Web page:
Navigating through the WAF is simple. Large blue buttons at the top of the webpage allow you to toggle between DNS settings, speed insights, and security configurations. There is no complicated nesting of settings or buried menus.
When you select a section you want to work in, you can easily see what settings are enabled or disabled by glancing at large on/off slider buttons. This allows you to quickly glance across your rule groups or settings and see what is enabled. If something isn’t as it should be, you can simply turn that feature back on, or drill down into the configuration of that feature to make more detailed changes.
Preconfigured DDoS protection and other out of the box security settings make implementation more streamlined and ultimately save you time on fewer settings you have to configure. Managed rulesets give you an excellent starting point for your WAF that immediately apply best practices developed by OWASP and Cloudflare.
Visualizing attempted attacks and security events can all be done from the Cloudflare dashboard and doesn’t require any additional add-ins like many open-source WAF products. Through the analytics dashboard, you can view security events in real-time and look back as far as 30 days.
While the dashboard isn’t modular, you can still filter your view by specific time ranges and firewall events. Below the main chart, you can view metrics such as top countries, most popular paths, and most frequently connected IP addresses.
This view helps you understand some similarities between threats and where they originate. At a glance, you can determine if you need to further tune a firewall rule to block a specific country, IP address, or service.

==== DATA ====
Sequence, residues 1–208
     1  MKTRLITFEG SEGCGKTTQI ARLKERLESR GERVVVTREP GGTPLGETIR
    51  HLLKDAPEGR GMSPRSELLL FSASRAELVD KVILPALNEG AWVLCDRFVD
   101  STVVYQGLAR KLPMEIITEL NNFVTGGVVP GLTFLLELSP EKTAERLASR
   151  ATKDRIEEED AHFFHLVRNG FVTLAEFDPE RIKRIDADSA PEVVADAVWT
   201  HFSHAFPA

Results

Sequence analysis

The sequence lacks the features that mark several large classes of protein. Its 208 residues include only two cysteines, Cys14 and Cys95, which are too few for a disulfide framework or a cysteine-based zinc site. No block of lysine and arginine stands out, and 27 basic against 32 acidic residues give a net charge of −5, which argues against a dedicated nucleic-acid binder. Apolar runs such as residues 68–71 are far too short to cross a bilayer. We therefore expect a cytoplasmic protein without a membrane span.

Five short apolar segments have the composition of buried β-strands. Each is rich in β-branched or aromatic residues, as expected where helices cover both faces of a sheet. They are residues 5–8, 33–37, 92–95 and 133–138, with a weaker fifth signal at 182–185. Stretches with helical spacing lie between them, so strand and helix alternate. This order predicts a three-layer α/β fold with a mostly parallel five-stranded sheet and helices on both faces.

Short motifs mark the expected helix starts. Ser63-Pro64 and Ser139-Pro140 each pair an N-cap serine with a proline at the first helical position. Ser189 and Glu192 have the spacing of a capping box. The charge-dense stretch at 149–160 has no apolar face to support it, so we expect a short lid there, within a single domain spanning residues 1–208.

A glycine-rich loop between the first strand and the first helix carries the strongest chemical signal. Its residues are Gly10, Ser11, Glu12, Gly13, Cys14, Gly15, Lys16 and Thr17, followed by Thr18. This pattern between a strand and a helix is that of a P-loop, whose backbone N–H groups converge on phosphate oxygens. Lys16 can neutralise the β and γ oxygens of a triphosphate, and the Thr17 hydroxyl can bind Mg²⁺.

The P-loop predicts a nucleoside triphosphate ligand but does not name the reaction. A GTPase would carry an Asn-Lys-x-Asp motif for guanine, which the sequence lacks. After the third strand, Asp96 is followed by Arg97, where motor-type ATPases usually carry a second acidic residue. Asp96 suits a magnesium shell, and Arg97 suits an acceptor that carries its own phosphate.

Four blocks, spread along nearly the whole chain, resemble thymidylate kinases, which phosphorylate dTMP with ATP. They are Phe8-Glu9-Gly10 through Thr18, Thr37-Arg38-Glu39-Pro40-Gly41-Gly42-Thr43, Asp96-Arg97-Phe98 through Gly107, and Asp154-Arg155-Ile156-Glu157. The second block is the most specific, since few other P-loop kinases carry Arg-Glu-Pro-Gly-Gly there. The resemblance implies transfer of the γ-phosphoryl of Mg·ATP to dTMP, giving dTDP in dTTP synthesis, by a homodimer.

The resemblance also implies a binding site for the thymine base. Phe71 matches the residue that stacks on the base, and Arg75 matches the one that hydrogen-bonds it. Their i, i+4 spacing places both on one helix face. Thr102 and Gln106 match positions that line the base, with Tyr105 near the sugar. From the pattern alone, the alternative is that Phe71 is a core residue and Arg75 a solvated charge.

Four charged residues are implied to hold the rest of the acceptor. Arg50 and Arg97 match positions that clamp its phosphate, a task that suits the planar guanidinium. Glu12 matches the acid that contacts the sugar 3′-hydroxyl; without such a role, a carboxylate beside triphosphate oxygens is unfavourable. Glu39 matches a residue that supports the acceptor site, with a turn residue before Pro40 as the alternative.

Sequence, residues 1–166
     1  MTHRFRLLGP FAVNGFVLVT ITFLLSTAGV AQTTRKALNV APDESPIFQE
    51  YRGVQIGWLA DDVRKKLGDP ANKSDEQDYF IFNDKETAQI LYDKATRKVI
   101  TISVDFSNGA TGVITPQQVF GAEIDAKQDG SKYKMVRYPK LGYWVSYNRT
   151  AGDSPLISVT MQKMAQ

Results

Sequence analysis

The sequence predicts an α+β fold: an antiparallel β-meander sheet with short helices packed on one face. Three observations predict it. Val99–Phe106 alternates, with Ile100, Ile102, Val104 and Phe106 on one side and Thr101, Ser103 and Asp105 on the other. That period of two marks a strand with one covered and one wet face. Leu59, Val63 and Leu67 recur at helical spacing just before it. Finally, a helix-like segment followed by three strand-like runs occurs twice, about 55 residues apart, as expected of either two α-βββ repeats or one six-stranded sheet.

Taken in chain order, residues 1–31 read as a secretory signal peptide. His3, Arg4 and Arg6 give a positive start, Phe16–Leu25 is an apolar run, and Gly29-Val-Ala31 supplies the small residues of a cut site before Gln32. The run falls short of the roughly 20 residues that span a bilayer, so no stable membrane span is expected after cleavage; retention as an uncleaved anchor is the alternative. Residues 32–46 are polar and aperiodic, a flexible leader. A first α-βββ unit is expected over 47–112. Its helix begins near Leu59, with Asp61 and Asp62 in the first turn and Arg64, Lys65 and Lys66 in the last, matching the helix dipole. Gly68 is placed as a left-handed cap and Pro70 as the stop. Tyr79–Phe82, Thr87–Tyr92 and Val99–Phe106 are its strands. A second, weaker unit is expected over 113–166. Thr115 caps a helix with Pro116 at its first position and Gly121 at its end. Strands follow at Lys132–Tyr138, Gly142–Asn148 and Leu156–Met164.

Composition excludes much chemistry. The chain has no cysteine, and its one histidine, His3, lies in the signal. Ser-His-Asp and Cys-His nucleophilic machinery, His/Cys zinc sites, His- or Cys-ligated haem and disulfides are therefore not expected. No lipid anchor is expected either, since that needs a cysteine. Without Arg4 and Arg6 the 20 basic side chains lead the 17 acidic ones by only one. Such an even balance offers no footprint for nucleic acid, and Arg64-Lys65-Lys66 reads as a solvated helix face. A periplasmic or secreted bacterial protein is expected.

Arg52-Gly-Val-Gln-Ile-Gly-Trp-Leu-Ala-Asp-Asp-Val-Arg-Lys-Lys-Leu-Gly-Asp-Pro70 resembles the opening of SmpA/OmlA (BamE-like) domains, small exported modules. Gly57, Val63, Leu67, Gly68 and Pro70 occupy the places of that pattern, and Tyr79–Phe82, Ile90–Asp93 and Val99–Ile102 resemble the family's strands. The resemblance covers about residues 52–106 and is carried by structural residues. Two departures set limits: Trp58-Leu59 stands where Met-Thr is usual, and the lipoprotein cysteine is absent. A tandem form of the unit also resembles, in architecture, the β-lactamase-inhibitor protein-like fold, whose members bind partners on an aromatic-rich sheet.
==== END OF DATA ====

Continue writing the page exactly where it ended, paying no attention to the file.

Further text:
If your business utilizes other online platforms, Cloudflare WAF can integrate with a number of companies such as Google Cloud, Rackspace, Acquia, Microsoft Azure, and IBM. Depending on the platform you’re trying to integrate, you may be able to take advantage of Cloudflare’s extensive API.
Let’s look into some of the key features that Cloudflare WAF has to offer. We’ll primarily focus on its security and firewall capabilities.
At the heart of Cloudflare’s security filtering are its managed and custom rulesets. You can choose to utilize both managed and custom rulesets at the same time if you wish. Although managed rulesets are already configured, you still have the option to modify specific rules inside of those rulesets.
When a rule is broken, a specific action is taken. Under managed rules, you can change this default action to disable, simulate, block, or challenge. Disable simply turns that rule off, while simulate allows that request through and logs it. Lastly setting a rule to challenge presents the user with a CAPTCHA.
This is something other WAF services such as AWS WAF do not allow you to do. This allows you a little bit more freedom when combining best practices alongside some of your own custom rules you need to implement. Cloudflare currently has around a dozen different rulesets catering to multiple CMS systems such as WordPress, Magento, and Drupal.
The OWASP managed rule set operates a bit differently and works by assigning each event its own threat score. When a threat score number breaches a custom threshold, you can choose how your WAF interacts with that traffic.
You can choose the ruleset’s sensitivity and specify whether you want it set to high, medium, low, or just off completely. The OWASP ruleset will also have an action it defaults to when that threshold is broken; this too can be customized to your liking.
While managed rulesets aren’t nearly as granular as configuring a custom set of rules, Cloudflare does an excellent job of giving you pre-configured options to choose from without feeling completely restricted. Let’s review how custom rules are set up with Cloudflare WAF.
Specifying your own custom rule is simple, especially if you’ve worked with object-based firewalls before. Under the Firewall Rule section, you’ll choose a field such as IP address from a dropdown list, specify an operator, and then input a value. As you build your rule through the interface the written expression is previewed directly below it.